I've been searching all over the internet looking for Groundlings exercises because I like that they improvise with the intent on developing finished performance work.
I can't find any exercises that they do, except "5 through a door", which is coming in to a store with an emotion and asking for an item, then quickly going out and coming in with a different emotion and asking for the same item.
The idea is to keep switching emotions. That's all I could find.
Has anyone here taken any classes at the groundlings and do they know any exercises they use?
I don't live in the U.S. so I can't take classes there.
A scenic exercise I use is Three Handed Euchre. The scene is best played with 3 players, although 4 will work, more than this becomes too chaotic.
A location is chosen, and three characters are established. At one point one of the characters goes off-stage, with a justified reason, and then the comes back onto the stage as a new 4th character. After some time another character leaves the stage, leaves his character off-stage and re-enters as the character who had been previously left off-stage. And so on, with the players playing up to 4 characters.
It is a great way to play different character types.
Just went through all ten pages - what a wonderful thread. I signed up just to leave something here, maybe in hopes of reviving this
This is a warm-up/team building game - very elementary. Not sure where I got it from, but it's always wonderful when it works. It's like sound and movement but more deliberate/more suited for beginners.
The entire group takes part. One person announces their intent to start an action - "Let's row a boat!" The entire group repeats after them - "Yes, let's row a boat", and everyone starts rowing. After a few seconds, anyone can step forward with another suggestion. Everyone must agree and follow suit, no matter how ridiculous the action is.
A very simple warm-up: Everyone stands in a circle. A player comes up with a gibberish word and the person next to them comes up with a definition for it. The more specific and outlandish the definition, the better.
Sit, Stand, Lean
This is from Whose Line, and we've played it many times in Pakistan with varying degrees of success.
Three player game. Start an open scene based on a suggestion/ask for. At all times, one player in the scene must be standing, one must be sitting and one must be leaning. If one changes their position from sitting to standing, the rest must adjust automatically. The trick is - each shift must be motivated by something going on in the scene.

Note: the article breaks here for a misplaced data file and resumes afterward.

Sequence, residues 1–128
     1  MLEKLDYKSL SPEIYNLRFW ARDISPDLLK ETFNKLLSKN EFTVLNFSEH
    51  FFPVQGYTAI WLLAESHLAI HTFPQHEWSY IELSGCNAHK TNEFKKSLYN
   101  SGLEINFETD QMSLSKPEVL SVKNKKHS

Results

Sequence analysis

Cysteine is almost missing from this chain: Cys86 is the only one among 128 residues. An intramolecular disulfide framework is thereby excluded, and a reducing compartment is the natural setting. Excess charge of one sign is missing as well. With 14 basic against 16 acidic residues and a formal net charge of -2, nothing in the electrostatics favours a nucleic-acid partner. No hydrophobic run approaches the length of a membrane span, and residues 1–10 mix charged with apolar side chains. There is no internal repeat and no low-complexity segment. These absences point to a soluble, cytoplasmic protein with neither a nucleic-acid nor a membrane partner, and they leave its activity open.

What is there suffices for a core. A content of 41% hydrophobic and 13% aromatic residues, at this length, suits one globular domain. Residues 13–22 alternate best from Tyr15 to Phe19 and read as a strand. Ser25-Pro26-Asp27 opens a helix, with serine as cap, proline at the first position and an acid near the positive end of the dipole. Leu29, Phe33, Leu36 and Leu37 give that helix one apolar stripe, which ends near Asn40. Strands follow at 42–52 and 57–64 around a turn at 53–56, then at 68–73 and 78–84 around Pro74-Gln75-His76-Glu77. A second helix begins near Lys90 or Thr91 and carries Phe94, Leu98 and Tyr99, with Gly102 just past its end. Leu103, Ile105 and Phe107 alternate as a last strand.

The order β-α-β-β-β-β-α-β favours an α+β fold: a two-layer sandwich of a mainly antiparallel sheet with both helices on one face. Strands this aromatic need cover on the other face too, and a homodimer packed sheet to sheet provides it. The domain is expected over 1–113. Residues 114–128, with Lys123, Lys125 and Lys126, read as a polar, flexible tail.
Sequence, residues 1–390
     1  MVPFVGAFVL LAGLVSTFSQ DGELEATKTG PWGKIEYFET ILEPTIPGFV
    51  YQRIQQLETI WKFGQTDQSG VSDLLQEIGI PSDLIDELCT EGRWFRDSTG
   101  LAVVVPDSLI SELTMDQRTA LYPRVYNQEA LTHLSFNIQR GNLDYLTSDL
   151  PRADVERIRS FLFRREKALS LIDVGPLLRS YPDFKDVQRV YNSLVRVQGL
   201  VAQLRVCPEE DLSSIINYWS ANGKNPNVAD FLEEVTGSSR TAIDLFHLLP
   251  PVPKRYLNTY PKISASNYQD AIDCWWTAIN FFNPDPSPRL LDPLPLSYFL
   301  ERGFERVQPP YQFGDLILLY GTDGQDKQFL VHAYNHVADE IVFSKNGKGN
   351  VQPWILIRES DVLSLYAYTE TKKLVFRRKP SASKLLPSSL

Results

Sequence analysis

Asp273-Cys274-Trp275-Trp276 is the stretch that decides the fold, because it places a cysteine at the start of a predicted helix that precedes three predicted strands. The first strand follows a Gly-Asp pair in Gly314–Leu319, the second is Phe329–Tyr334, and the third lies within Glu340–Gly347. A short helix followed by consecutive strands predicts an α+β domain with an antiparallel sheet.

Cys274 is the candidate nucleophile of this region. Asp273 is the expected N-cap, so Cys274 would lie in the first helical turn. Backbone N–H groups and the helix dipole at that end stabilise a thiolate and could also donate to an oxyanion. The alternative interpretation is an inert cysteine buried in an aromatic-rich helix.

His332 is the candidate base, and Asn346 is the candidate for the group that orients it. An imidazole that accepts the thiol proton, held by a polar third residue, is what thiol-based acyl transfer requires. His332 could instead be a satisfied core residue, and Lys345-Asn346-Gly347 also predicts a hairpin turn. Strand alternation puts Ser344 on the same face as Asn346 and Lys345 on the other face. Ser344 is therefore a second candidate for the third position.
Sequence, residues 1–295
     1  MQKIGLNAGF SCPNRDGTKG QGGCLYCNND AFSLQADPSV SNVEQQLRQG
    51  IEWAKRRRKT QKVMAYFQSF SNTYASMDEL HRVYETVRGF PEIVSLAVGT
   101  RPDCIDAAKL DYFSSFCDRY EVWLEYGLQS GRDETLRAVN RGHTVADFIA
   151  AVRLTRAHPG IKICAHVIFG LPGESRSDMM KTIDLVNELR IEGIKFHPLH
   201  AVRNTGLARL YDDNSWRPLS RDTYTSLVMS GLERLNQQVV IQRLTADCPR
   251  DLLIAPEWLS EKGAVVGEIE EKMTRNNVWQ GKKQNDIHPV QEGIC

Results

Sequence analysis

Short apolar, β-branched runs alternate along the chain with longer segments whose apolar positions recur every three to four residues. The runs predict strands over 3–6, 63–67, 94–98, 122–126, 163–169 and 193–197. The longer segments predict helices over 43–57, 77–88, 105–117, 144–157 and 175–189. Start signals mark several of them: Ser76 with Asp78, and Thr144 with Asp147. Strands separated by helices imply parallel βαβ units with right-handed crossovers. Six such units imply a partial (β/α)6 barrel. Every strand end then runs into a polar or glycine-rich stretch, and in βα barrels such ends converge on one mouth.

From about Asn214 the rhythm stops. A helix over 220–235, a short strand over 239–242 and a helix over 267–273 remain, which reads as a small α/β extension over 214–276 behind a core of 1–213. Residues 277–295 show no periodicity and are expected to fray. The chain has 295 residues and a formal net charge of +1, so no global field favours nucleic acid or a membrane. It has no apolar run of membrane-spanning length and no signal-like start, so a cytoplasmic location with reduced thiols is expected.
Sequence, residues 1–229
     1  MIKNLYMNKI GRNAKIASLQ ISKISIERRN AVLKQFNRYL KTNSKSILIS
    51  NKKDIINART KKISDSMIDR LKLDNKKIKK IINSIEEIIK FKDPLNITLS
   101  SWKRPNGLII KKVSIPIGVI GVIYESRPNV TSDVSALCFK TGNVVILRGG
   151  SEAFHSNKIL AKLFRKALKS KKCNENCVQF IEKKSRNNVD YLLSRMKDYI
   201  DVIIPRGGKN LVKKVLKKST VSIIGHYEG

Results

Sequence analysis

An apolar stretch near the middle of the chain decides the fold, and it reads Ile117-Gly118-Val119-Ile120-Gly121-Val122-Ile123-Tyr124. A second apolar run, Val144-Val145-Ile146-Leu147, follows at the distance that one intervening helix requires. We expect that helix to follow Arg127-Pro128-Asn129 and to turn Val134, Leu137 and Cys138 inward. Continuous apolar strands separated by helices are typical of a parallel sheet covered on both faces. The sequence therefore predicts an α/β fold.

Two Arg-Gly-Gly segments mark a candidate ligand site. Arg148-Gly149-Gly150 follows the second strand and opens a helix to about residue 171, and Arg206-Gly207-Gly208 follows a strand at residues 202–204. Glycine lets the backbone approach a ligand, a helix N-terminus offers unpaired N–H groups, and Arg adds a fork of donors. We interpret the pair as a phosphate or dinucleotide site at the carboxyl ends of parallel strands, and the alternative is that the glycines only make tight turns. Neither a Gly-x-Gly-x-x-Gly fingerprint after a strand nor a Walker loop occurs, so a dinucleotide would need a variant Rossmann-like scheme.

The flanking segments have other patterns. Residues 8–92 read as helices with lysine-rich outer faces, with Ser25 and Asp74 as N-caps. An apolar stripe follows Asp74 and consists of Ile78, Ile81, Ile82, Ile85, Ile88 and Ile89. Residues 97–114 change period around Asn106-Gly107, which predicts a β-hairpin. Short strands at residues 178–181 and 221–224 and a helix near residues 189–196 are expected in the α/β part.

My favorite improv exercise is called “You Look/You Seem”. It’s all about using your scene partner’s natural facial expressions to inspire and enrich your scene work together.When I teach this I first have the improvisers pair off and face each other. You can do this part with one pair or multiple pairs at a time. Next I have one person decide to be Person A and the other Person B. I have Person A close their eyes, and I ask Person B to try and make a neutral facial expression. I tell Person A that when they open their eyes, they will say exactly what Person B’s expression looks like. Ex. “You look happy.” “You look scared.” “You seem upset.”
Next I have the two people switch roles, and Person B closes their eyes and then opens them to make a call of exactly what they see on Person A’s face (Person A is still trying to keep a neutral facial expression). I have the pairs do this for a few times back and forth and then share observations with each other.
It’s important that the improvisers get a quick and immediate read on their partner’s face and say exactly what they see or think they see. There is no room for second-guessing or trying to be funny. It’s simple. Say what you see.Now that we’ve practiced reading each other, we can move onto a more scenic, though still a bit exaggerated, on-stage exercise.Two improvisers are needed for this. One of them is randomly assigned to be the “teller” first, and all they can say in the scene are observational “you look” or “you seem” statements. They can’t say anything else, even though they’ll feel a bit stifled. The other improviser can talk as much as they like.
It’s very important that the improviser who is being “read” by their scene partner take on the endowments given to them. If they’re told they look angry, then dammit, they’re angry and they’re gonna say why! Basically, you “yes, and” the statements given to you. They’re gifts!
Ex: Set up: Two friends outside.
Person A: Wow, it sure is sunny out here today.
Person B: You look excited!
Person A: I am excited! I can’t believe the big golf tournament is today!
Person B: You seem relaxed.
Person A: I am! I know I have this game in the bag.
Person B: You seem a little unsure.
Person A: Well…I haven’t played golf in a few months, so I’m a little afraid I’ve lost my edge.